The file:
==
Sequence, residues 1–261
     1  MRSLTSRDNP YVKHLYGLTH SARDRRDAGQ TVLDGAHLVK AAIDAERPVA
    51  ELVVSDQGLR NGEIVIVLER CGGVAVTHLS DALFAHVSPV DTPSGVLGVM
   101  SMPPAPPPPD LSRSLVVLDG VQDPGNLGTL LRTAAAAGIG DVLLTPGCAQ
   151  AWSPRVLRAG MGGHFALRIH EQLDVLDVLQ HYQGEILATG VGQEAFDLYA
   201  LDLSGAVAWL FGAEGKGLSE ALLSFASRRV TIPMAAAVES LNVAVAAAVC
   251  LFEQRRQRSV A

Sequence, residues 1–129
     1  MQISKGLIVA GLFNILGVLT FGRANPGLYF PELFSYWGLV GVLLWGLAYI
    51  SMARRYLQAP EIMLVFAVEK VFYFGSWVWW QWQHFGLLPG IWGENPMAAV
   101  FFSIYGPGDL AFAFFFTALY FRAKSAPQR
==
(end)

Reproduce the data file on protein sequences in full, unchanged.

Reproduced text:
Sequence, residues 1–261
     1  MRSLTSRDNP YVKHLYGLTH SARDRRDAGQ TVLDGAHLVK AAIDAERPVA
    51  ELVVSDQGLR NGEIVIVLER CGGVAVTHLS DALFAHVSPV DTPSGVLGVM
   101  SMPPAPPPPD LSRSLVVLDG VQDPGNLGTL LRTAAAAGIG DVLLTPGCAQ
   151  AWSPRVLRAG MGGHFALRIH EQLDVLDVLQ HYQGEILATG VGQEAFDLYA
   201  LDLSGAVAWL FGAEGKGLSE ALLSFASRRV TIPMAAAVES LNVAVAAAVC
   251  LFEQRRQRSV A

Sequence, residues 1–129
     1  MQISKGLIVA GLFNILGVLT FGRANPGLYF PELFSYWGLV GVLLWGLAYI
    51  SMARRYLQAP EIMLVFAVEK VFYFGSWVWW QWQHFGLLPG IWGENPMAAV
   101  FFSIYGPGDL AFAFFFTALY FRAKSAPQR